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This article was published 2/6/2011 (2180 days ago), so information in it may no longer be current.
COURTNEY van Aertselaer and her two pre-schoolers will never look at the film Bambi the same way again after a doe jumped a two-metre fence at their Kenora home, charged up the deck at her daughter and trampled their dog.
"They're dangerous, wild animals," said van Aertselaer, who snatched one-year-old Trinity out of harm's way just in time.
On Wednesday afternoon, her daughter and son Sam, 3, were in their fenced backyard. Trinity was on the deck and Sam was running around the yard when he came inside.
"I was in the kitchen and I saw a deer run past like it was spooked. I didn't think much of it," she said. A minute later, it jumped the fence and was inside their yard, coming up the steps of their deck. Trinity let out a scream.
"It was ready to attack my daughter. It was a full-sized doe," van Aertselaer said.
Their miniature pinscher, Chloe, barked at the doe and was trampled.
"My son had come in two minutes before," she said. "He was running around the backyard. It could've been so much worse."
The dog was the only one injured, said van Aertselaer after returning from the vet.
"She has severe bruising on her back leg," she said. "She did a good job of defending us," said the woman whose family moved to Kenora from Winnipeg in January.
There was nothing on the deck to attract the deer --- no dog food to entice the animal to come so close to the terrified humans, she said.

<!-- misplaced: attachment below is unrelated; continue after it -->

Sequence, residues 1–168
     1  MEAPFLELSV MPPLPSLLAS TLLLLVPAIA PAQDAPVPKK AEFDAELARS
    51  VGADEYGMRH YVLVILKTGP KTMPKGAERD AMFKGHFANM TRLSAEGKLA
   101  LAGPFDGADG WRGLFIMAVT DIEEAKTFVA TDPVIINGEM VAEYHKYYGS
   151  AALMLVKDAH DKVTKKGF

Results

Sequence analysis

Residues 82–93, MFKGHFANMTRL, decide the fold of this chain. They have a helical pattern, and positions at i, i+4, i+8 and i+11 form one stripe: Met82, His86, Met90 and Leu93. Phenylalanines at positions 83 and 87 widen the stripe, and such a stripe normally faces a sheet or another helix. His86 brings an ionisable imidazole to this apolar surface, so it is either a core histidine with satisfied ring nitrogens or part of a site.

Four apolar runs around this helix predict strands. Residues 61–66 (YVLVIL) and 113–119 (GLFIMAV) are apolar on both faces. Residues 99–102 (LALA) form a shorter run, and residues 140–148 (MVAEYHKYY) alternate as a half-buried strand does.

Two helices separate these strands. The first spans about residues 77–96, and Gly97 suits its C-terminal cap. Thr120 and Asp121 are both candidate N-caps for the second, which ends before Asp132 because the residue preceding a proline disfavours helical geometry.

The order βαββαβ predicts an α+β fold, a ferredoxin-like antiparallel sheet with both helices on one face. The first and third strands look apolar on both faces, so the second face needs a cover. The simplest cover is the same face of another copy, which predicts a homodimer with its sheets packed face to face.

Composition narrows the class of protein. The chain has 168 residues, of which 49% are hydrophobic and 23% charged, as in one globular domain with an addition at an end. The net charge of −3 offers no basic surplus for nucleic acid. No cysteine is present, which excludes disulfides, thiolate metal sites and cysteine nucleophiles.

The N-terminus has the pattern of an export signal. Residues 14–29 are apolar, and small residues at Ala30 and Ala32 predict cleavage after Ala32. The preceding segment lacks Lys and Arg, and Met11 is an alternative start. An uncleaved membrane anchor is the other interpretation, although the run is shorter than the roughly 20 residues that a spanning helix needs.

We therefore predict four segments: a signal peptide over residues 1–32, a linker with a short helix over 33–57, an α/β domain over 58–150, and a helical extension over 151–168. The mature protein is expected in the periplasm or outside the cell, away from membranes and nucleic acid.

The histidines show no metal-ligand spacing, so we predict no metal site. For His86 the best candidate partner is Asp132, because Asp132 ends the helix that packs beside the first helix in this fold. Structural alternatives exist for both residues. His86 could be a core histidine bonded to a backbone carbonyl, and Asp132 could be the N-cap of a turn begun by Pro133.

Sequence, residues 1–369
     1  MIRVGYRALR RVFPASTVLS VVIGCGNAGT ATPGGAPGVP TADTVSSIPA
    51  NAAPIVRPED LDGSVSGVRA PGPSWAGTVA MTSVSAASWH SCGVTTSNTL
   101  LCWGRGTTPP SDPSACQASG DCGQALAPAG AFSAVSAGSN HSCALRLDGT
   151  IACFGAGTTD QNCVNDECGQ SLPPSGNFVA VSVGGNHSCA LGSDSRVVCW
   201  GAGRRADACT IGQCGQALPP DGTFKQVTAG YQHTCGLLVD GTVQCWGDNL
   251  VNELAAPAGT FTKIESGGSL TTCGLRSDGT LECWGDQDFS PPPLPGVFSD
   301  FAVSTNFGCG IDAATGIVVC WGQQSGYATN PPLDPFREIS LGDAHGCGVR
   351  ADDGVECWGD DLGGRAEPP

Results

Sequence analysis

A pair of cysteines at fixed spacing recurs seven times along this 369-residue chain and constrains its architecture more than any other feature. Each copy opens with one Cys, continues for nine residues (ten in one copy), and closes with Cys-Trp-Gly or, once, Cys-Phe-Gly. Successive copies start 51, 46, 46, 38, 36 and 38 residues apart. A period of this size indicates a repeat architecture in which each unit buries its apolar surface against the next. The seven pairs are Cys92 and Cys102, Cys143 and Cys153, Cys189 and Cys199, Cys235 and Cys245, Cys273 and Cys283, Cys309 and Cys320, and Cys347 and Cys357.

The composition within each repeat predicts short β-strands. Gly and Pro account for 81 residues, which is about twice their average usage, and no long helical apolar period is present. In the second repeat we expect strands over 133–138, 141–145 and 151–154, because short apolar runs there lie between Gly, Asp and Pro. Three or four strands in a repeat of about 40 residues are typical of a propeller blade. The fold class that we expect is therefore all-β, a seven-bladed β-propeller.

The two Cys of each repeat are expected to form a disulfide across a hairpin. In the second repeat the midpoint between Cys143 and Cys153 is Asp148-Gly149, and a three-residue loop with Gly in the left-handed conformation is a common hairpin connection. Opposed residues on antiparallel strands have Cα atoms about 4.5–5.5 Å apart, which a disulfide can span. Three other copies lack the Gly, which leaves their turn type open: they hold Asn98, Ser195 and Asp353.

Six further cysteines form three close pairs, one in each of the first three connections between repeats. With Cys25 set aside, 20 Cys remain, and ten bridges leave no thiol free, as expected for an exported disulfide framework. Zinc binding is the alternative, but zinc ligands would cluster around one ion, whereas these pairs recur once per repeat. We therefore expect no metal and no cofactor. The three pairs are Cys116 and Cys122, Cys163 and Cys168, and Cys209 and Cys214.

She reported the incident to Kenora's animal control department, the Ministry of Natural Resources and the police.
"They said, 'It's that time of year, you have to be careful'," she said.
There is a petition circulating in Kenora calling for a cull of the growing deer population, but she had not signed it. The deer seemed harmless and beautiful as they roamed the streets of Kenora, she said.
"They're not. They're wild animals and unpredictable."
After Wednesday's deer scare, she's thinking a cull might not be a bad idea and plans to sign the petition.
"Right now, it's nobody's problem. Nobody's doing anything."
The local Ontario Provincial Police detachment did not respond to a request for comment. Mayor Dave Canfield said he hopes people in Kenora will learn from her story and take it as a warning.
"These are not pets, they're wild animals," said Canfield. "A lot of people don't realize that." Many residents feed the deer -- a bylaw violation, just like they fed the bears in Kenora a few years ago until they got out of hand.
"People think it's great to feed them? No, it's a good way to die. They're wild animals."
Kenora does have a "tremendous" urban deer problem that it is trying to solve, Canfield said.
"We are working with the Ministry of Natural Resource on some type of plan to reduce the population within city limits," he said.
That may be allowing a "controlled hunt" with bows in the rural areas of Kenora, he said.
"People love the Disney version of wild animals but it's not realistic -- especially at this time of the year when they're having fawns and they're unpredictable."